State, area, highway conditions may hinge on September vote on fuel taxes
by C.F. David
Robert Ward, Chief Engineer for Division Six of the Oklahoma Department of Transportation met on Tuesday, June 28, with members of the Cimarron County Chamber of Commerce, and other citizens for a discussion about the condition of Oklahoma's state highways.
Ward's Division Six includes all three counties in the Panhandle plus Ellis, Harper, Woods, Woodward and Alfalfa Counties in the state's Northwest corner.
The express purpose of the meeting was to try to inform the public about deficiencies in the state's highways. But underlying was a push for voter support to raise the taxes on fuel. The fuel tax question will come up on a September ballot.
Ward made the point that District Six presently has four different trade corridors planned to pass through the area, and that along with that, the district has 99 structurally deficient and five functionally obsolete bridges.
In a booklet handed out, complete with a ODOT created CD cleverly named “Be A Roads Scholar”, Ward created a grim picture of roads and bridges that had been laid out and planned in the late 19th and early 20th century trying to move traffic more than 100 years later with trade routes fed by CAFTA and NAFTA thrown into the equation.
According to the information supplied by ODOT, the American Trucking Association projects an over-the-road freight increase of 50 percent over the next 10 years. Overall truck usage is expected to grow by 70 percent and automobile usage by 33 percent in the same decade.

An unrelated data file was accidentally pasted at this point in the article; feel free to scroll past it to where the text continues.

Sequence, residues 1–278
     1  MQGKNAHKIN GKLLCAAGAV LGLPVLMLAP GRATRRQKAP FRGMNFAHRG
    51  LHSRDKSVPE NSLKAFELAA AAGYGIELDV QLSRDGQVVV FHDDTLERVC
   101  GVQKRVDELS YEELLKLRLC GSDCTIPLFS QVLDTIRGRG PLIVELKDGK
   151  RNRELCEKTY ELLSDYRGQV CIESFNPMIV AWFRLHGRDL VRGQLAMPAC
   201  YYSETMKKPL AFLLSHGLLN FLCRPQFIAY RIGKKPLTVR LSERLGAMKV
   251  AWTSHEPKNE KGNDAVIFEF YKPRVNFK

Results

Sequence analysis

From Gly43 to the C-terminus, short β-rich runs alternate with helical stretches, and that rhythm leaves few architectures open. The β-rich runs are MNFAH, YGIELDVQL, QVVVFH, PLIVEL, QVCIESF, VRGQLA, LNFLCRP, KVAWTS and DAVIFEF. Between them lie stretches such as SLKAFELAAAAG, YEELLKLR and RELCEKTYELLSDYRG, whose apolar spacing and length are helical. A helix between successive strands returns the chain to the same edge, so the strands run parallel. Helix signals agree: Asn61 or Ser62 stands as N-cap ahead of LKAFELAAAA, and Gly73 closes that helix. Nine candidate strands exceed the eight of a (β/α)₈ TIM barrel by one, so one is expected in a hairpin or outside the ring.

The system status report handed out by Ward estimates that 25 percent, (3,000 miles) of Oklahoma's 12,266 miles of roadway need to be rehabilitated or replaced.
The state also has 162 bridges which are 80 years or older, (one was built in 1896). Many of these bridges are weight posted meaning that truck freight traffic is stymied, thus affecting the state's economy.
Of the just under one-half million dollars raised by Oklahoma's present fuel taxes less than half, (47.1 percent), goes to the state transportation fund, the bulk of the fuel tax dollars are split between Indian tribes, general revenue, leaking underground storage tanks, county highways and bridges, cities and towns, and other non-highway uses.
The present Sooner State fuel taxes at 17 cents for gasoline and 14 for diesel, are the lowest of any adjoining state plus Louisiana, Missouri and Nebraska .
Texas and Louisiana are set at 20 and 20, Arkansas is 21.7 and 22.7, Missouri 17 and 17, Kansas, 24 and 26, Nebraska, 25.4 and 25.4, Colorado 22 and 20.5 and New Mexico at 17 and 21.
If the Oklahoma tax bill passed a vote of the public, the taxes on fuel would rise to 22 and 22 cents each.
Representative Gus Blackwell assured those attending the meeting that as the bill is written, the added tax funds could not be touched by the state's congressmen and it would be earmarked for highway and bridge repair.
Ward emphasized that money could not even be used to hire more personnel or give present personnel a raise in their wages.
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